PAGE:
After enjoying a golden era in the late 90s, real time strategy games saw their popularity dwindle. Part of this was likely due to an increased interest in quicker, more intuitive action games, but I personally think the genre also suffered from child star syndrome. After greats like Homeworld, Starcraft and Total Annihilation, the path forward was unclear.
Today, the situation hasn’t improved. Starcraft 2 is almost the only game in town, so to speak. However, gamers on a budget do have some options, most of which harken back to better days.
While many games are made for a retail market, others are released as freeware from the time of their inception. Most, frankly, aren’t great. But those that are fun to play tend to make an impression and become popular quickly.
Such is the case with Battleships Forever. Developed by Singaporean developer Sean Chan, Battleships Forever is a real-time science fiction video game that’s all about space ships blowing each other to pieces. Since it’s made by one man, the game has simple graphics and a simple campaign. You won’t find a deep story or complex multiplayer here.
What sets the game apart are the way the ships are modeled. Although entirely 2D, they consist of individual components and sections which take damage individually. This results in impressive scenes in which ships slowly disintegrate in heavy fire. Few other games can so precisely tickle a sci-fi fan’s love of watching big hunks of metal blow each other to tiny bits in the vacuum of space.
Because of the simple graphics, this is an easy game to run. Any computer made in the last decade should run it, and the default resolution of 1024×768 fits netbooks well.
Released in 2000, Ground Control received generally excellent reviews but never made much of an impression on the market. This was towards the end of the golden age of strategy games, and this was also one of the first RTS games to do away with the macro-management elements of base building and resource collection, making it a bit controversial.
Still, it was a beautiful game that put heavy focus on proper tactical use of units. The game includes suppressive fire, camouflage, and other gameplay elements that are usually reserved for serious turn-based strategy titles. It’s a thinking gamer’s strategy title. Those who go into battle without a solid plan usually lose.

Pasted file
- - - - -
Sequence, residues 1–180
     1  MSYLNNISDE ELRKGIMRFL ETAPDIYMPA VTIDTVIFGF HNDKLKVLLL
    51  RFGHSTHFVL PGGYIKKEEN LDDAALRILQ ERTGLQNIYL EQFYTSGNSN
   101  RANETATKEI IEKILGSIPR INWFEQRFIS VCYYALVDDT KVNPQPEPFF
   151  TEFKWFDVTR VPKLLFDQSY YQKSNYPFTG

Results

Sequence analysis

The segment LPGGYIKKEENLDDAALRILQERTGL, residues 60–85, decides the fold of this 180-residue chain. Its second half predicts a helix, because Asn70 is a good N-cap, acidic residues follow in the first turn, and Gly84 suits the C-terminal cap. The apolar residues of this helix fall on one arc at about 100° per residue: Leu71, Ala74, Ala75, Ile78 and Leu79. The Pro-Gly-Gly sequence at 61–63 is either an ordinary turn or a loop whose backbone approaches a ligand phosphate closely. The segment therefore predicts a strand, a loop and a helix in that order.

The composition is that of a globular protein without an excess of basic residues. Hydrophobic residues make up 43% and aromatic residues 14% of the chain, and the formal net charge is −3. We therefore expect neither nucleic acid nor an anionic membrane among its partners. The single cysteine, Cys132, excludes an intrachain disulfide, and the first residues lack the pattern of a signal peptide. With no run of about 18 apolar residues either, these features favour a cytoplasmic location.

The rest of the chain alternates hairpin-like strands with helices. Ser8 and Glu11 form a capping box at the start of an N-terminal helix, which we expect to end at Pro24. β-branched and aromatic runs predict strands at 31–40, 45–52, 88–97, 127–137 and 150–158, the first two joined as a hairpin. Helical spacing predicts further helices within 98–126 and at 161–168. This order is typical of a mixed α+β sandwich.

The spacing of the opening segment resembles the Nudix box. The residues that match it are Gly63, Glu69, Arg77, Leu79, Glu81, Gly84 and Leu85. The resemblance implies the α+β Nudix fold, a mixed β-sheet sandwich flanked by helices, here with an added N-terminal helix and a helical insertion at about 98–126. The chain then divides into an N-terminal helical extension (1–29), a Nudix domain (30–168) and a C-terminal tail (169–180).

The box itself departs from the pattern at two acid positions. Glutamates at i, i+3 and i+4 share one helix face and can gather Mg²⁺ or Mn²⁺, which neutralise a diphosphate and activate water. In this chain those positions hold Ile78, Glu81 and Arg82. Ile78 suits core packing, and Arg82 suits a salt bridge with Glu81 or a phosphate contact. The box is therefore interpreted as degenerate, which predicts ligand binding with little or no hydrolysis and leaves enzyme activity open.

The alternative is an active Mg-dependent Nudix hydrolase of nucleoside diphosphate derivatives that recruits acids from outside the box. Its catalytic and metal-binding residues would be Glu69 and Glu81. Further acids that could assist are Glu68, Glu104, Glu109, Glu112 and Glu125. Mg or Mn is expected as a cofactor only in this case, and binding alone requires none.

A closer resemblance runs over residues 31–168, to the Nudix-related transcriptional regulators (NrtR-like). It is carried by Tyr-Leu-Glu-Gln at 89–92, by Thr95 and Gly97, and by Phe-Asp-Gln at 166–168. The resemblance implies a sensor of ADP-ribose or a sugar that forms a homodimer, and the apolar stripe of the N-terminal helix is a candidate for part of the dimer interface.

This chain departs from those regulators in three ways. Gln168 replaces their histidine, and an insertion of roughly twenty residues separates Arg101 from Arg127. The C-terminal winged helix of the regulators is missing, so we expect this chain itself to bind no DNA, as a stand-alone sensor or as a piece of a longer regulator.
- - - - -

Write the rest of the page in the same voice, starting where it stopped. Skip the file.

Online play of Ground Control is no longer supported, but the campaign is challenging and provides many hours of enjoyment. The older 3D graphics aren’t taxing for modern systems, either. Modern systems may have compatibility issues, however. I’ve been able to run this title in Windows XP compatibility mode, but I’ve had no luck running it under Windows 7.
Some games just won’t die. One such title is Total Annihilation, a popular RTS title from the late 90s that I played for hours on end. While other games have come in gone, Total Annihilation has stuck around because no other game has ever successfully replicated its gameplay.
Eventually, Total Annihilation fans lost faith that a true successor would ever be made. In response, some decided to re-create the game with a full 3D engine, as opposed to the pseudo-3D engine used by the original. The resulting project was called TA: Spring. Today the game engine created to replicate Total Annihilation has become its own project, and is used by indie developers interested in creating a 3D RTS.
Some of these spin-offs are impressive, but in my opinion, Balanced Annihilation remains the way to go. This modification of the original game stays true to its roots, but attempts to rectify some balance issues that were never addressed by the original game’s developer before it went belly-up. Personally, I’m not convinced that every problem has been fixed, but that’s not really the point. This isn’t a game that should be played competitively. Instead, it’s a title that’s best played for the pleasure of watching huge armies clashing, leaving a wrecked and wasted landscape in their wake.
These three games are excellent, but I know for sure they’re not the only ones out there. Even a top 25 would be unlikely to locate every single worthwhile RTS game. As always, you’re welcome to share your favorite free real times strategy game in the comments!